Ganglion cysts are unsightly and sometimes painful. But while the fluid-filled sacs clustered around wrists and other joints are common, not a lot is known about their cause. A trip to the doctor can give sufferers some peace of mind that they are not a serious medical problem — or some options for having them removed, says Dr. Stacey H. Berner, medical director of the Hand and Upper Extremity Center at Northwest Hospital Center.
QUESTION: What are ganglion cysts?
ANSWER: Ganglion cysts are fluid-filled tissue sacs. They occur adjacent to joints and tendon sheaths. Although they can occur in association with nearly all of the joints in the body, they are most common in the wrist. In fact, they are the most common type of lump seen in the hand and wrist and are estimated to represent 50-70 percent of the masses that are encountered in these locations. Fortunately, they are benign or non-cancerous.
Q: Are they always on the hand?
A: The most common location is the dorsal (opposite the palm) surface of the wrist, and the second most frequent location is the palmar side of the wrist. They are raised bumps with generally well-defined borders. They vary in consistency from soft and compressible to firm.
Q: Who gets them and why?
A: They are rarely seen at birth, and therefore they are considered acquired, rather than congenital. They can be seen in children and adolescents as well as adults. In younger individuals, they may resolve spontaneously, however in mature individuals who have completed their skeletal growth, it is infrequent for ganglion cysts to resolve without treatment.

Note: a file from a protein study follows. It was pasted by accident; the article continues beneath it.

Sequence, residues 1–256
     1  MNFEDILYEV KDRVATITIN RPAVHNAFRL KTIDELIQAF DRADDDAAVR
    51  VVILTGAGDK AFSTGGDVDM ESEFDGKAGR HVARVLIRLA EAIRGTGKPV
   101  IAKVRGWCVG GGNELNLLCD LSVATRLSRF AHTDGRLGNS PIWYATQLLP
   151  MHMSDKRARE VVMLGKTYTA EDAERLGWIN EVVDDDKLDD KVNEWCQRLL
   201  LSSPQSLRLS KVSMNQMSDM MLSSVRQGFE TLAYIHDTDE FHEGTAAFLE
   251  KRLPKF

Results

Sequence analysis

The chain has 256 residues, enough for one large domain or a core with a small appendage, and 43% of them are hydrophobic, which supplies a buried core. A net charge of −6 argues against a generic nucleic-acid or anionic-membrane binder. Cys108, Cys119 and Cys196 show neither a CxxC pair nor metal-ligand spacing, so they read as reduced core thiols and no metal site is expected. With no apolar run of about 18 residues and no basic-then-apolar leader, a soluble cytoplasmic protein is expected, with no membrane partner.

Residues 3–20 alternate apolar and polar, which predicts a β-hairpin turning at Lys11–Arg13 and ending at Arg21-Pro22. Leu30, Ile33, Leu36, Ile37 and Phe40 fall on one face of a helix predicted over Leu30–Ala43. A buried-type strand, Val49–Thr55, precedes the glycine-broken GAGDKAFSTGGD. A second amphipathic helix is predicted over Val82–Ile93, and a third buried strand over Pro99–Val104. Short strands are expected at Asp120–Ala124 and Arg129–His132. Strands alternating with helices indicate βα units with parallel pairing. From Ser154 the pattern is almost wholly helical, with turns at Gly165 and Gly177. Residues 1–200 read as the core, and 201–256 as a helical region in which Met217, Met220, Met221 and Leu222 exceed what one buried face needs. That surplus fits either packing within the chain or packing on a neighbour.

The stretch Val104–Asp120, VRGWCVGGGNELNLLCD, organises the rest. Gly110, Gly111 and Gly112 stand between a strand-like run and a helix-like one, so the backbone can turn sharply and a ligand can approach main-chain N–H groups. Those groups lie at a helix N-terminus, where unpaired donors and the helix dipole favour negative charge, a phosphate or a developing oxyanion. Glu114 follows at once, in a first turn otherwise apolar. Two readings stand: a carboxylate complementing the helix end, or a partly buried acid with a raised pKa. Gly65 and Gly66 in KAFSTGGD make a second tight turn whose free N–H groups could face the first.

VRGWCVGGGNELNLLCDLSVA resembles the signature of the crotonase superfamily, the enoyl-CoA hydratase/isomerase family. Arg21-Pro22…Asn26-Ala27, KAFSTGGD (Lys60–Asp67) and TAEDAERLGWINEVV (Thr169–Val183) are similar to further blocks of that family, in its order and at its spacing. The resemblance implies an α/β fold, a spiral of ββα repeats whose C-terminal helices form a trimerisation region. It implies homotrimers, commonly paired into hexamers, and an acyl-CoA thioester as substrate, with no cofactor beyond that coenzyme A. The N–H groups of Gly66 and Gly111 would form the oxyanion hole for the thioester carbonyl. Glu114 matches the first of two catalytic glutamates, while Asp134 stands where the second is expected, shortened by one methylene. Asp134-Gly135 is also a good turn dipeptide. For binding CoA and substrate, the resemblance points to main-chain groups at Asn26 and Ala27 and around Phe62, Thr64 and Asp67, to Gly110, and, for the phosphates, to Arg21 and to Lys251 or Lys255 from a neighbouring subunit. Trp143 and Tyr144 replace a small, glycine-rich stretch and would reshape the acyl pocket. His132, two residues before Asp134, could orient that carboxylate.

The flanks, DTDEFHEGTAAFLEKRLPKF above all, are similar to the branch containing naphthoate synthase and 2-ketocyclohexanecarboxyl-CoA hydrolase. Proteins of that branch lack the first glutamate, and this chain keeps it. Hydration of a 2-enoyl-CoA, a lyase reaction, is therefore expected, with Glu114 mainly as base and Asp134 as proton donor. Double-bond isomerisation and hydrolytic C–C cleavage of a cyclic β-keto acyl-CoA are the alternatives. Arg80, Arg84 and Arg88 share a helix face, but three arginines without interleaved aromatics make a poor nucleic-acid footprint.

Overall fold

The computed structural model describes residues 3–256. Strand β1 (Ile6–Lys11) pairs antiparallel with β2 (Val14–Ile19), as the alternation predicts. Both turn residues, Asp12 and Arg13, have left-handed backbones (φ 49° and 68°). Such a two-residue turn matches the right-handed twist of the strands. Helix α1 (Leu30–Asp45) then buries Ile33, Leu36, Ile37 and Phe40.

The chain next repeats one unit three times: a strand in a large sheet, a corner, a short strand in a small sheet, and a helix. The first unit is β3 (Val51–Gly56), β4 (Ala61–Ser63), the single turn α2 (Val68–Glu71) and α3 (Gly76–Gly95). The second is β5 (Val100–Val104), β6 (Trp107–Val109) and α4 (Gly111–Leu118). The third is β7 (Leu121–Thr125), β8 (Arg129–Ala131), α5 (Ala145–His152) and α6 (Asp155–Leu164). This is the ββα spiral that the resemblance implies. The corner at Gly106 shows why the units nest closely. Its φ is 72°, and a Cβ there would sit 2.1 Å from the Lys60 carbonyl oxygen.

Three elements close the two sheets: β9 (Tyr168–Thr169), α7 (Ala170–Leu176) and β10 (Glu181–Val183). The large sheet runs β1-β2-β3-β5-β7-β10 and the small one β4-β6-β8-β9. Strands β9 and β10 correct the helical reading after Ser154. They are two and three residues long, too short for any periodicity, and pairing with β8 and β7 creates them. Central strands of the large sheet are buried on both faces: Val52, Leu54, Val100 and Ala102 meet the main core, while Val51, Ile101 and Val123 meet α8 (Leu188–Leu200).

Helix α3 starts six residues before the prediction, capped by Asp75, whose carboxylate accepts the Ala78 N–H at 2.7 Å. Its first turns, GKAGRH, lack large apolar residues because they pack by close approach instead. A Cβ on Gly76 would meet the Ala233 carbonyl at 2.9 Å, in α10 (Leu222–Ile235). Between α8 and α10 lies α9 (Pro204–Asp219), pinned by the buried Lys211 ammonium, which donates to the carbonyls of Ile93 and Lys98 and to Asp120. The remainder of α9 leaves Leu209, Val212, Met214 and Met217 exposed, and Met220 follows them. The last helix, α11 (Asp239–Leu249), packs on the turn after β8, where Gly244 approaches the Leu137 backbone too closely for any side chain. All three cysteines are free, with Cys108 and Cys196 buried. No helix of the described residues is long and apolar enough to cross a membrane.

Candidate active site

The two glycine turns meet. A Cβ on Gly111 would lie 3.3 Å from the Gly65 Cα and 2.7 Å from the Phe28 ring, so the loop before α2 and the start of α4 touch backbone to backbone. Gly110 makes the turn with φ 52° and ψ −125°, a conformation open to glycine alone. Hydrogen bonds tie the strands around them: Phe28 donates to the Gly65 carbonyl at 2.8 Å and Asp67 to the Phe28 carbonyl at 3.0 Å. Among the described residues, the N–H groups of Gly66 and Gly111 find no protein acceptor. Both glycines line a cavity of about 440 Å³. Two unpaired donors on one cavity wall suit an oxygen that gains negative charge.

The diagnosis can usually be made through examination by an experienced health care practitioner, such as a hand surgeon. Occasionally, diagnostic studies such as an MRI scan or ultrasound may be useful if the diagnosis is not entirely clear. Despite the fact that the incidence of these lesions is quite high, their cause remains unknown. It has been suggested that individuals that develop these cysts may have some predisposition to forming them. No clear-cut link between a specific activity and the development of ganglion cysts has been established.
Q: Will they go away on their own?
A: It is not an absolute necessity to treat ganglion cysts. Simple observation and reassurance are appropriate in some cases. However, many individuals elect to have them treated. Among the common reasons that patients seek treatment are the appearance of these raised, noticeable lumps, and pain. Cysts may cause pain due to the pressure buildup of fluid within their walls. They can also cause discomfort by pressing on adjacent structures such as nerves, tendons and blood vessels.
Q: Do they need medical attention, or are there home remedies?
A: Historical treatments have included manual dispersion as well as striking the cysts with a heavy object, such as a book. These treatments are understandably uncomfortable and are associated with very high rates of recurrence. Aspiration, or drawing the fluid out with a hypodermic needle and syringe, has been associated with rates of recurrence from 50 percent to 90 percent.
Surgical treatment can be performed through an open surgical excision or by minimally invasive arthroscopic obliteration of the cyst. Rates of recurrence with open techniques have been quoted to range from 10-40 percent. Arthroscopic studies have demonstrated recurrence rates of 4 percent to 12 percent. Realistically, modern experience suggests rates of recurrence at 10 percent, or perhaps slightly higher with all techniques. Recurrence rates may be a bit higher for cysts on the palm side of the wrist.
The theoretical advantages of minimally invasive or arthroscopic obliteration of the cysts are rapid recovery, relatively low recurrence and improved cosmetic appearance. The drawbacks of the minimally invasive approach are the necessity for more elaborate operating-room equipment, and the indirect nature of the procedure, as it is visualized on a video screen.